The Secret to Writing Middle Grade Fiction

Saltwater TaffyThe Secret to Writing Middle Grade Fiction

The secret to writing middle grade fiction is not really a secret, but rather a discipline of practice for authors.  That discipline is the craft of rewriting and being ruthless on your own work.  This is what I had to do when I began writing the Saltwater Taffy book…an adventure book for tweens.  I had to become my own editor.  I had to scrutinize every word, because if I didn’t, my middle grade readers would see it on the page.  

With that in mind, I will give you a few of MY secrets, because after writing three books and making my share of independent movies, not to mention 7 years of working on NBC’s LAW & ORDER, I am often asked…‘how do you write a book?’  How do you write a screenplay?  Where did you learn how to make a movie?”

As we all know, bookstores are filled with “HOW-TO” books on just about everything, but the section on writing is extensive.  There are a million opinions on how to craft a story, write a great mystery, create snappy dialogue, but there is only one key element required for writing; THE FINISHING FACTOR.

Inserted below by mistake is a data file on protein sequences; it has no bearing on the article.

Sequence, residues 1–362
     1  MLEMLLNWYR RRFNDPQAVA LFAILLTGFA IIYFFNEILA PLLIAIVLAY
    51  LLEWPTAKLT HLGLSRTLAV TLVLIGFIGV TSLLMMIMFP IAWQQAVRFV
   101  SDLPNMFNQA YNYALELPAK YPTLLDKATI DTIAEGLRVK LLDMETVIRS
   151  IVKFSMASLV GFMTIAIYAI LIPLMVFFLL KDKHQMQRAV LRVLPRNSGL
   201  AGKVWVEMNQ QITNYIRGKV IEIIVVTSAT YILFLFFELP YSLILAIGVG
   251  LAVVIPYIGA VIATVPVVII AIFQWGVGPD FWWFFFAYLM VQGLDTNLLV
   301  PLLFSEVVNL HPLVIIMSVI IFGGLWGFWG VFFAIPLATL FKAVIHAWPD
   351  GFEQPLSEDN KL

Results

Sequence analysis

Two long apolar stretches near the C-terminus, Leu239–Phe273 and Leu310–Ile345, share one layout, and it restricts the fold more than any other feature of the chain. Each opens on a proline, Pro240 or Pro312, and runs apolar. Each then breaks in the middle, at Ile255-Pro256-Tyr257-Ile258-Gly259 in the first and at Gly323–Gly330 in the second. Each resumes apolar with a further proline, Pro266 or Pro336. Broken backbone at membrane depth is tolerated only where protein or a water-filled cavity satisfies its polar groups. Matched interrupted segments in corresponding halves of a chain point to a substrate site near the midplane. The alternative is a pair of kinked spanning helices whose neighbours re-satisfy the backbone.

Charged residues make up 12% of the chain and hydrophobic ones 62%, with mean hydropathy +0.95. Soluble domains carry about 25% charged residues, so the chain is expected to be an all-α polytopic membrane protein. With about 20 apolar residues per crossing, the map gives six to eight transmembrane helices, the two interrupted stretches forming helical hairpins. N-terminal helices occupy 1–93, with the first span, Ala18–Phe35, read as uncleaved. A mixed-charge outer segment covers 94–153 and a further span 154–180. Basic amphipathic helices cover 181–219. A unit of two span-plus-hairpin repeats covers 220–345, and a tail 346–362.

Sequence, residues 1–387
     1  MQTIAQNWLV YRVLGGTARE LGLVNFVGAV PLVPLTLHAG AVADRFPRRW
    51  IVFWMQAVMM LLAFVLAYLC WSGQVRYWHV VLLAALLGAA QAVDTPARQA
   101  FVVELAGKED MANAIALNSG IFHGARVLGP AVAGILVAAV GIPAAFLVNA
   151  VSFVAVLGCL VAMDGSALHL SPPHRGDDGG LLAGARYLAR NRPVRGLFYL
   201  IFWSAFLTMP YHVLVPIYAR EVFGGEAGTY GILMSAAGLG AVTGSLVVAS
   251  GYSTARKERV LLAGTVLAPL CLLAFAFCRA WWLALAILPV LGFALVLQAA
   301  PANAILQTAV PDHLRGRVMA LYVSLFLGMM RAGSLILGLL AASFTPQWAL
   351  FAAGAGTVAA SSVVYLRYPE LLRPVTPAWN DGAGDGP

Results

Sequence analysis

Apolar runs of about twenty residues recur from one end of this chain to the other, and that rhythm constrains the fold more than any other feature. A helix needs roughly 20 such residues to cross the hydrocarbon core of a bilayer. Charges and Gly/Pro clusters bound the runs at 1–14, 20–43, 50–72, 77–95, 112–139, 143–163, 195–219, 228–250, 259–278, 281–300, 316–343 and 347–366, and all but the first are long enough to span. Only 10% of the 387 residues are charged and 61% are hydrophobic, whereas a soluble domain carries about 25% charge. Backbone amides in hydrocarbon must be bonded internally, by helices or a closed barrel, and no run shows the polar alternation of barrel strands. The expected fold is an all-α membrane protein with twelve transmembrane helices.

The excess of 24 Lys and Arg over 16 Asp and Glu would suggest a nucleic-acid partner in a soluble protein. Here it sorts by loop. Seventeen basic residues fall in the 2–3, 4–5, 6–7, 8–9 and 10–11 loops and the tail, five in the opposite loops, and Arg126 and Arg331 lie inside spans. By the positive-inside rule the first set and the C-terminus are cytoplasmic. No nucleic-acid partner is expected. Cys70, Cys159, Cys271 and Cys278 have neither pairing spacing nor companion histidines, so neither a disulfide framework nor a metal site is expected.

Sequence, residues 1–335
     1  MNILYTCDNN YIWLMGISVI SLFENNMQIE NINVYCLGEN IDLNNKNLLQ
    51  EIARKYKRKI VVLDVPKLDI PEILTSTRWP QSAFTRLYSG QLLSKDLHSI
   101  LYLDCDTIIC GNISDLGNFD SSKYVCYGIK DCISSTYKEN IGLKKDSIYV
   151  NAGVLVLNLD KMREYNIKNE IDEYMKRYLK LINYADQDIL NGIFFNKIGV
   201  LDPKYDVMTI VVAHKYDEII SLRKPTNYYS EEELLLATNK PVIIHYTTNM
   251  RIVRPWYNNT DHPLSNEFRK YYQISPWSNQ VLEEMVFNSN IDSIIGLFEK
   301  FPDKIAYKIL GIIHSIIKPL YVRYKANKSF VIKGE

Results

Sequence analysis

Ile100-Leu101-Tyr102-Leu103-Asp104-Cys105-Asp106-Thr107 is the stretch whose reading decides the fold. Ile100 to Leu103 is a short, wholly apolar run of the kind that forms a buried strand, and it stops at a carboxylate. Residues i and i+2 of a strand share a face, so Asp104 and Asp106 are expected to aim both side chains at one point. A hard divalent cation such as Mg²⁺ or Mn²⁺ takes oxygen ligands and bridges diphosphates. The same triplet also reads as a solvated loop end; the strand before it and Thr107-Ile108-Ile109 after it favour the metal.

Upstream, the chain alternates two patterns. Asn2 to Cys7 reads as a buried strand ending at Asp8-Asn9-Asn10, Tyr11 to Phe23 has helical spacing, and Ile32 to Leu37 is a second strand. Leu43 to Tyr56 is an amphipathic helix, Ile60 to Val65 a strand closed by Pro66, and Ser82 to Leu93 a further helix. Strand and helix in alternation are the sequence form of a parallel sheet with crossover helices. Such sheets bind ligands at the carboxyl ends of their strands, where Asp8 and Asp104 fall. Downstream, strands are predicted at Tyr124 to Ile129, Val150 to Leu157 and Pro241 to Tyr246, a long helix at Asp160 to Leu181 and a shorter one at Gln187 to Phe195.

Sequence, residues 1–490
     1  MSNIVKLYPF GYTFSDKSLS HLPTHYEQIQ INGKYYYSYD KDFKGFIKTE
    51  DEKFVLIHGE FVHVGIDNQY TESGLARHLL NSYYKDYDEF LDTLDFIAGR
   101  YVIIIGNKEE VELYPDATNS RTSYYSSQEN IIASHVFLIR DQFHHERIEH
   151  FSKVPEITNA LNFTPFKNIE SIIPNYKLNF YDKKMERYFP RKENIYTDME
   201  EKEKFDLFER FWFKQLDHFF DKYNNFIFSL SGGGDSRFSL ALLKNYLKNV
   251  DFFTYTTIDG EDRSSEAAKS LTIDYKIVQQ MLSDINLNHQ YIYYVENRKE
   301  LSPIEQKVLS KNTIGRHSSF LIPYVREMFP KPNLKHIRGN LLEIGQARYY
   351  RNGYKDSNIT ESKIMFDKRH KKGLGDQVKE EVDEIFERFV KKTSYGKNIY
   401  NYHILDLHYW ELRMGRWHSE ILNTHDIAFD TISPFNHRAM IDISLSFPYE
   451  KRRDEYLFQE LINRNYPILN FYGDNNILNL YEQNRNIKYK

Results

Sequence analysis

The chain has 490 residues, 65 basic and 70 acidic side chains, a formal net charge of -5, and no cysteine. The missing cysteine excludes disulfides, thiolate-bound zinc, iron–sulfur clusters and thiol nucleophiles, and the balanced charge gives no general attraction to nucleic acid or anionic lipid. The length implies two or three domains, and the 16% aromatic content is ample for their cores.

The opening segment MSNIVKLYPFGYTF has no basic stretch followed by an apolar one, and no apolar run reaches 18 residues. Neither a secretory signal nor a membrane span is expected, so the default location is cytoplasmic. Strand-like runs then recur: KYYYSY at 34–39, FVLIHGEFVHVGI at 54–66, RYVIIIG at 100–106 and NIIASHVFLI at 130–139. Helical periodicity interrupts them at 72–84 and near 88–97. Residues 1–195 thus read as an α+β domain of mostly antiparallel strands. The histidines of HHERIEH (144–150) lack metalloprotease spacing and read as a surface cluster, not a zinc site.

What is the secret to writing Middle Grade Fiction and every other kind of writing?  Well, the finishing factor is the discipline and how you finish your writing is by the process of re-writing.  Even the great Stephen King is a rewriter.  John Grisham, Neil Gaiman, and James Patterson are rewriters as well.  Heck, even I’m a rewriter, just not as successful as these guys…YET.